"By Grade 2 she was still struggling to even spell her name."

Now that her daughter is in Grade 6, Staley says she has done everything she can as a parent to help her, including getting involved in Dyslexia Canada, eventually becoming the group's executive director.

'You feel stupid'

Gray, who has a successful business career behind him, was not diagnosed until he was 35. Now 84, he says he still remembers the hardships of school.

"Seventy-five years ago the teacher walked down the aisle and strapped me because I couldn't read," he said.

"That is very clear in my mind. We aren't strapping children today but we're certainly not giving them the benefit of a fair and just education."

Gray says the group hopes concrete solutions come from the inquiry, including getting children assessed in Kindergarten, more resources and help for students who are affected by it and additional training for teachers. 

Gray failed Grade 3 and dropped out of high school but still managed to build TD Green Line, known today as TD Waterhouse Investor Services.

He claims he got "lucky" and had many people help him along the way. But he says no one can know what it's like to live with dyslexia unless you experience it first-hand.

"The fact that it's very difficult to read is a big issue," he said. "If you're dyslexic you feel stupid."

Keith Gray says when he receives birthday cards from his grandchildren, he is not able to read them aloud. He says it's tough to understand dyslexia without knowing first-hand how it affects you. (Talia Ricci/CBC)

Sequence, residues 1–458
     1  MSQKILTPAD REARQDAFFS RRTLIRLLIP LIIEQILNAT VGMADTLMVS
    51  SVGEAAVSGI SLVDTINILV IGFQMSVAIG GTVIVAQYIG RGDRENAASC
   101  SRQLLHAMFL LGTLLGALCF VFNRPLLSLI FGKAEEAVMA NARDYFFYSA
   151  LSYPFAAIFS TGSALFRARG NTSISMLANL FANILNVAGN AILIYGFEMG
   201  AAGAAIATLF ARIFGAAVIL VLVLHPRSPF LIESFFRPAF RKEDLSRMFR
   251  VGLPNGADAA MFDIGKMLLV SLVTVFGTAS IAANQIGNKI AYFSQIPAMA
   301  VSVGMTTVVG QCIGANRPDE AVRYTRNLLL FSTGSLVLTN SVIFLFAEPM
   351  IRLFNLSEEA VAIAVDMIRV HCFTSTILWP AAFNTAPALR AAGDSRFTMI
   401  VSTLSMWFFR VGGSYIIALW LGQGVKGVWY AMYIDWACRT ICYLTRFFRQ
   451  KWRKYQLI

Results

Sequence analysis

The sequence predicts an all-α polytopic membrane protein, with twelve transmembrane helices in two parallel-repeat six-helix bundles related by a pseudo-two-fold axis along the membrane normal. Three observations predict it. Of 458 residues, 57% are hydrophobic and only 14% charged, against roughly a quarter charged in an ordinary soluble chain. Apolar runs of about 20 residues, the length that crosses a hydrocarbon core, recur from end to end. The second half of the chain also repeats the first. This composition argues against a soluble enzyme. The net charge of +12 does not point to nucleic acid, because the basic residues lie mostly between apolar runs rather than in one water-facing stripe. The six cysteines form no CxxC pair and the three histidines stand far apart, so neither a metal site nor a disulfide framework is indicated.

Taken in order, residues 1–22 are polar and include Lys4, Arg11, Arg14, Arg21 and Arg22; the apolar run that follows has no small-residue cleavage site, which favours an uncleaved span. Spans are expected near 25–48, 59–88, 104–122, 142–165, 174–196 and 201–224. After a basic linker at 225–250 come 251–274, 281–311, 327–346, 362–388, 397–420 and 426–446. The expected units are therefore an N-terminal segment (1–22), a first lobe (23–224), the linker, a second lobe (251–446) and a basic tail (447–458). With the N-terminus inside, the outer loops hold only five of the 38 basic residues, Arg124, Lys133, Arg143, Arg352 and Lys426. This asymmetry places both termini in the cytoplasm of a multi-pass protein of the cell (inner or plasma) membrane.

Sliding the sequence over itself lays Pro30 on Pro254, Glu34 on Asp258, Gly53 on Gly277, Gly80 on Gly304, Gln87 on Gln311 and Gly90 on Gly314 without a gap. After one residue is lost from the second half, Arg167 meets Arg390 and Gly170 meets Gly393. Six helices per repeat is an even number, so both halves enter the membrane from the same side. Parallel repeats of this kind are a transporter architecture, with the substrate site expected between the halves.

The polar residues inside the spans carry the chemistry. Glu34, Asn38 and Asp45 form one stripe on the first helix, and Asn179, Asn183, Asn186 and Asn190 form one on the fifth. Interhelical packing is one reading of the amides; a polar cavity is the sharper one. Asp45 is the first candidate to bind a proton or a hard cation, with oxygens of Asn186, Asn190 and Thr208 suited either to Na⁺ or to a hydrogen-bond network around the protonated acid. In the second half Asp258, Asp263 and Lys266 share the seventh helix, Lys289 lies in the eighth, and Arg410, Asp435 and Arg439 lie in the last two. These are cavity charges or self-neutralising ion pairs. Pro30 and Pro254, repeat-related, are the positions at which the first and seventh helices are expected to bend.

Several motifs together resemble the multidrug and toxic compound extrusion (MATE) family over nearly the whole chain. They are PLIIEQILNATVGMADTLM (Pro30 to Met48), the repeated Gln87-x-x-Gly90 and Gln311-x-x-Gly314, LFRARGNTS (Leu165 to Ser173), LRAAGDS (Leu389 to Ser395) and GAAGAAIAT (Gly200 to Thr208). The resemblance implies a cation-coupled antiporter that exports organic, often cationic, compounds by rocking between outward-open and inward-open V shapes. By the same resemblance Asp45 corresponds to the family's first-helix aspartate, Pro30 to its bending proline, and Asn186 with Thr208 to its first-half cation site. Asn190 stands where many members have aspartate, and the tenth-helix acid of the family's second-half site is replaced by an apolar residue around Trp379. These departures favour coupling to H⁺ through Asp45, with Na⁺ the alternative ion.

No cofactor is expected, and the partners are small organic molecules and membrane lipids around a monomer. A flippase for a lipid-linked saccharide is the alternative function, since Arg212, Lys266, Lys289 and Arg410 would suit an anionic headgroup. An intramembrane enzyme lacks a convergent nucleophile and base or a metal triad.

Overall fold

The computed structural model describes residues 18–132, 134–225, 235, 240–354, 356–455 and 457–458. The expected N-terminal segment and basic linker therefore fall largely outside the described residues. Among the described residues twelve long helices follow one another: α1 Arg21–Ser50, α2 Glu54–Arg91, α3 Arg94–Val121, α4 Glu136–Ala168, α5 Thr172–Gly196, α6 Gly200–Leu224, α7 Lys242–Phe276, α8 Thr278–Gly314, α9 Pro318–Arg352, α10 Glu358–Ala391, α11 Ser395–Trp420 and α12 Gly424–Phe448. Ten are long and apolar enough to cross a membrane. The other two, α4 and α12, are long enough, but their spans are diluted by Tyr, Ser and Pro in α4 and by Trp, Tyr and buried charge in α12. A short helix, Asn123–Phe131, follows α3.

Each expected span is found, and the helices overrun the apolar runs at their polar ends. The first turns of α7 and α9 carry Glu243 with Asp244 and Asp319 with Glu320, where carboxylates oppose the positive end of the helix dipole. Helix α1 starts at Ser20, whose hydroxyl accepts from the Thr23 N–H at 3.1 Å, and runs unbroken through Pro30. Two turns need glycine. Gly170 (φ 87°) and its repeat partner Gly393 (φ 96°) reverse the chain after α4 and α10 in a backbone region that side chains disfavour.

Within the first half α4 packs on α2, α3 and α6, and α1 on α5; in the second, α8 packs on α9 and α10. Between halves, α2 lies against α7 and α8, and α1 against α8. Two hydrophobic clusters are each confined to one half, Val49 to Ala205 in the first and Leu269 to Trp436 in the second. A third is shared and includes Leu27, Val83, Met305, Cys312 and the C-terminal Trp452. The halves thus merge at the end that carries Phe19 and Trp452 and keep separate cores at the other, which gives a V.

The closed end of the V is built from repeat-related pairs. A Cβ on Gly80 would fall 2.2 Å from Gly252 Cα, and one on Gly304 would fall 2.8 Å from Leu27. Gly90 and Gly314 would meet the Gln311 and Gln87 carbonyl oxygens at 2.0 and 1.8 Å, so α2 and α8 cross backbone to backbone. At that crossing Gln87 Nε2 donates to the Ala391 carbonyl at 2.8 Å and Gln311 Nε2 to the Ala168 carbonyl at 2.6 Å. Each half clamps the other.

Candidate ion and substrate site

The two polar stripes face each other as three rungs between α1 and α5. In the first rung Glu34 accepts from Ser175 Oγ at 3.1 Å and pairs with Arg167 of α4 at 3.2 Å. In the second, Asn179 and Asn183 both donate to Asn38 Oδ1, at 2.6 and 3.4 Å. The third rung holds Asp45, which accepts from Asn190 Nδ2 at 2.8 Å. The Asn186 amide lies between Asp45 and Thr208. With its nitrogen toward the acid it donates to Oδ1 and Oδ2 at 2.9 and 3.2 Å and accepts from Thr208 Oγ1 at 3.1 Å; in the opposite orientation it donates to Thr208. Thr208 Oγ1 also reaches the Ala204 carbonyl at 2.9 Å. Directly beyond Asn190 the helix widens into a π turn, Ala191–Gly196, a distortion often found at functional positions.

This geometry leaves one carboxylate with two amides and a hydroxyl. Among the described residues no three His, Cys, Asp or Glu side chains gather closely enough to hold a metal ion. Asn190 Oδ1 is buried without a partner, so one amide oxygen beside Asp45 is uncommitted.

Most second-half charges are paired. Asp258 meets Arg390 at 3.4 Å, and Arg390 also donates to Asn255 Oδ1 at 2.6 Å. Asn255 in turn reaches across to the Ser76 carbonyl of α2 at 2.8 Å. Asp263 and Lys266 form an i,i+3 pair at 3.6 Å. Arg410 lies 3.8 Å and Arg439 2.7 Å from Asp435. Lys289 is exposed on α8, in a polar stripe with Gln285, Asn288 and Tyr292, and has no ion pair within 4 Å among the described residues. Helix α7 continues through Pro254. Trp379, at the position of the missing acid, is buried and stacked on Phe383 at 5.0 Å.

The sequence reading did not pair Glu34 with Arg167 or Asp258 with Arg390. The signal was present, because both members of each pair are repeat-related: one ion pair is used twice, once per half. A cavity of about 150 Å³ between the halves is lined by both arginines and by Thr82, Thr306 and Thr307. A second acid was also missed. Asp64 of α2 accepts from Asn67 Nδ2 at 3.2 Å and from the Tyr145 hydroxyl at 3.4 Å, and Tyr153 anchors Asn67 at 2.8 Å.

Gray says he has been pushing for an inquiry for years and that this is a huge step in the right direction.

As part of the inquiry, the human rights commission requested information from eight school boards to get a sample of what's happening across the province. 

"We are always open to ways to build on our understanding and knowledge of students' needs to help them succeed," Peter Joshua, the director of education at Peel District School Board, said in a statement.

Joshua added that the board looks forward to the findings to inform and improve literacy practices and "ensure every student has the resources and opportunities they need to excel in reading."

Meanwhile, a spokesperson for Ontario's Ministry of Education said in a statement that it will consider the report's findings when it is completed.

The government "is committed to supporting all students, including students with special education needs so they have the skills to succeed in school and in life," the statement reads.

About the Author

Talia Ricci is a CBC reporter based in Toronto. She has travelled around the globe with her camera documenting people and places as well as volunteering. Talia enjoys covering offbeat human interest stories and exposing social justice issues. When she's not reporting, you can find her reading or strolling the city with a film camera.